When Someone Says You Suck – Handling Criticism

Playground

photo copyright Fang Tong, all rights reserved

 

(A version of this piece originally appeared in Woman 2 Woman magazine. Click here to find out more or subscribe.)

The playground mantra repeats in my head: sticks and stones may break my bones but words will never harm me.

But I know it’s a lie.

Oh, the untamable tongue! James writes, “no man can tame the tongue. It is a restless evil, full of deadly poison. With the tongue we praise our Lord and Gather, and with it we curse me, who have been made in God’s likeness. Out of the same mouth come praise and cursing (3:8-10). And then, and I imagine with a shake of his head and a sigh states, “My brothers [and sisters] this should not be”.

All of us have suffered because the sharp cutting hacks of criticism. And to be honest, all of us have dished out words that are cruel and unkind.

So if criticism is intrinsic to all levels of social interaction, then it has certainly become endemic in recent times due to the rise of social media. Politicians and entertainers (any public figure) alike are subject to waves of public backlash constantly and the comments and tweets and statuses condemning them are ongoing, from all over the globe, at any hour of the day. And while we’re entitled to an opinion, we are also obligated, as Christians, to live by the power of the Spirit of Christ. Free-flung condemnation is not a fruit of the Spirit by any stretch.

Criticism that originates closer to home hits closer to home. When criticism arises from a spouse, family member, friend or superior at work the sting is sharper and the wound profound. The usual advice about “considering the source” or “just forget about it-they’re just jealous” doesn’t apply when the wounds come from nearby.

I can recall a teacher’s critical statements that I allowed to hang over me for years, subsequently informing my beliefs about myself and effectively influencing the course of my life.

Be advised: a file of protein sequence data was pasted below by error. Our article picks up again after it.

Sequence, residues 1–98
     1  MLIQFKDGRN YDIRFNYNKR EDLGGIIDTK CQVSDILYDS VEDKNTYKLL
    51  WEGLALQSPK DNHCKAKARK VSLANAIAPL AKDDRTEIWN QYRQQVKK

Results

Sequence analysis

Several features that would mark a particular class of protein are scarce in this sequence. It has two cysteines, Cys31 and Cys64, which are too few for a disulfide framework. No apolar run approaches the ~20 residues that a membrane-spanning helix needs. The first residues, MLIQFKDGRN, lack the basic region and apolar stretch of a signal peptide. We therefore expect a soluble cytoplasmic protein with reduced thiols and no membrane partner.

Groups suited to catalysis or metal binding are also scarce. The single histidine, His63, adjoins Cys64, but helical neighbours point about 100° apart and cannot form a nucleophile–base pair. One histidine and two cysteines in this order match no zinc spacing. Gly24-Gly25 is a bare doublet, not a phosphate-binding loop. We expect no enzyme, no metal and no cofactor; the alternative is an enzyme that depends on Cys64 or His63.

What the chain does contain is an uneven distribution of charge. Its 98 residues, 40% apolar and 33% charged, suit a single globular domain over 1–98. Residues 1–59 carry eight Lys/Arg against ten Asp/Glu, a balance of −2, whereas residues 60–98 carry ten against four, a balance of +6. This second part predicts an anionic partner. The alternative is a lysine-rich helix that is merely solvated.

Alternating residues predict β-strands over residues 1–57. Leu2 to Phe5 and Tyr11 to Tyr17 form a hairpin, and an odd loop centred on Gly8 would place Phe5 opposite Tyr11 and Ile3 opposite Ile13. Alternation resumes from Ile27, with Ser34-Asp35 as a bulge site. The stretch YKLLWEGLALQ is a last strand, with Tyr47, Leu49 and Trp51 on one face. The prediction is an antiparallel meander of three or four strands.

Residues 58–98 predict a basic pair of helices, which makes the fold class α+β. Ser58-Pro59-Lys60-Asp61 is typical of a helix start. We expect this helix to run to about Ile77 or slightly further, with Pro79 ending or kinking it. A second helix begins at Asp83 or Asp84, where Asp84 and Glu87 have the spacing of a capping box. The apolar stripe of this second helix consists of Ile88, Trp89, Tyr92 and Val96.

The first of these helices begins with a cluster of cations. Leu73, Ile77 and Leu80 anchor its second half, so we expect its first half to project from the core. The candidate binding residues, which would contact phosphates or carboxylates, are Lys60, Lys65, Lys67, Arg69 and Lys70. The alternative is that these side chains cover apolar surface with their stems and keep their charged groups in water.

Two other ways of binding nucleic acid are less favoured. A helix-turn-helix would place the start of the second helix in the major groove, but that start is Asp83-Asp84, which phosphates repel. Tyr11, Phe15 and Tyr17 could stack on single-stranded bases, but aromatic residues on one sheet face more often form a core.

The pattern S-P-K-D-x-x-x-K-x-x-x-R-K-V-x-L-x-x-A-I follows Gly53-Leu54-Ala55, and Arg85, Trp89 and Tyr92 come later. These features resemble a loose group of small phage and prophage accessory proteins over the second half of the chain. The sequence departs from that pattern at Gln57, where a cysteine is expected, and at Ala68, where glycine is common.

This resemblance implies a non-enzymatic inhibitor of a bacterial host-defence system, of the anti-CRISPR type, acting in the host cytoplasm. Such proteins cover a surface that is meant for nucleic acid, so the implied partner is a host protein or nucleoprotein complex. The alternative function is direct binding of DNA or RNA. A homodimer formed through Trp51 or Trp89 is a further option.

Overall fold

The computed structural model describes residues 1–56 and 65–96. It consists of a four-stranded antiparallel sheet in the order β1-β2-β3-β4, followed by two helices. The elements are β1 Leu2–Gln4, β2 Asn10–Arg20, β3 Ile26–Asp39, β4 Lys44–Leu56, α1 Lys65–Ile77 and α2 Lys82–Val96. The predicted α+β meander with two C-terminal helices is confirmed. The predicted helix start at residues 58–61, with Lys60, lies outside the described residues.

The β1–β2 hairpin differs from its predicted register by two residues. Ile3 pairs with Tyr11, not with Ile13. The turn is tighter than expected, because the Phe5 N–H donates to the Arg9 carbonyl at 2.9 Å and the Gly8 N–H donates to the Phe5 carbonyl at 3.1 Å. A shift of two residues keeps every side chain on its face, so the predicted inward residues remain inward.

I once had a close friend detach from me and then, months later, confront me with a notebook filled with pages filled with lists she’d made of my flaws. Her accusations were given, she said, to help me out. But, the relationship had already been severed, so the words just hurt. Immensely.

And any of us that grew up with siblings, neighborhood friends or classmates knows the cruelty of barbed words tossed about carelessly. I could retell many situations where criticism pained, polarized or prevented me from living in grace and confidence. I bet you can, too. But it doesn’t have to be that way.

We can respond to criticism in such a way that harmful words are transformed into empowering statements that will grow our confidence, faith and make us more humble, empathetic people.

Today, I’ll  identify what I believe should be considered negative criticism  and how to identify it. In my next post, I will break down the following list and explain how to proactively turn negative criticism into positive growth.

Negative criticism, as opposed to constructive criticism, hits below the belt and leaves us gasping for breath and often reaching for justification or praise to counterbalance hurtful remark. Negative criticism immediately puts us into a position of defensiveness, backs us into a corner.

What exactly is negative criticism?

Negative criticism—

* Can come from a stranger or an intimate friend (or even yourself).

* Is rarely purely motivated by good intention.

* Comes out of a negative spirit, not a heartfelt endeavor to unify or uplift another.

* Is never entirely true.

* Is intended to hurt, defy, shut-up or otherwise crush the spirit or sap the strength of another.

* Is not “Christ-like” nor does it build up the members of his church.

* Is not fair or kind.

Often, my reaction to negative criticism goes like this: I get a bit out of breath, I get angry and indignant (How dare she? Who does he think he is?), then I malign their motives (Is she so insecure that she has to stoop to that?) or write them off (Wow, must suck to be you!) and then I call someone I know loves me and would never agree with my critic, I hear the soothing words of praise and eventually, after a few days (or months, what can I say, it hurt!) the massive airbag of criticism deployed in my face finally deflates into proper perspective and I can move on.

Sort of. Because when I react, I never really deal appropriately with the criticism and it festers in my soul like a splinter gathering puss (ew!) rather than a seed that can cause good growth.

A response plan empowers us to transform the splinter of negative criticism into seeds to plant into our minds and hearts that can grow and produce good things.

First, remember to be gentle with yourself.

You may want to respond like Christ and absorb the angry words flung at you with loads of grace, turning the other cheek and bearing the pain nobly. But, when the clods of criticism hit you in the face, you may find yourself abandoning the response plan and resorting to our human “flight or fight” tendency.

Forgive yourself. Grace yourself. And then, step back from the situation. Give yourself time and restored oxygen (after the crying/hyperventilating/stress-session) in your system, and think it through.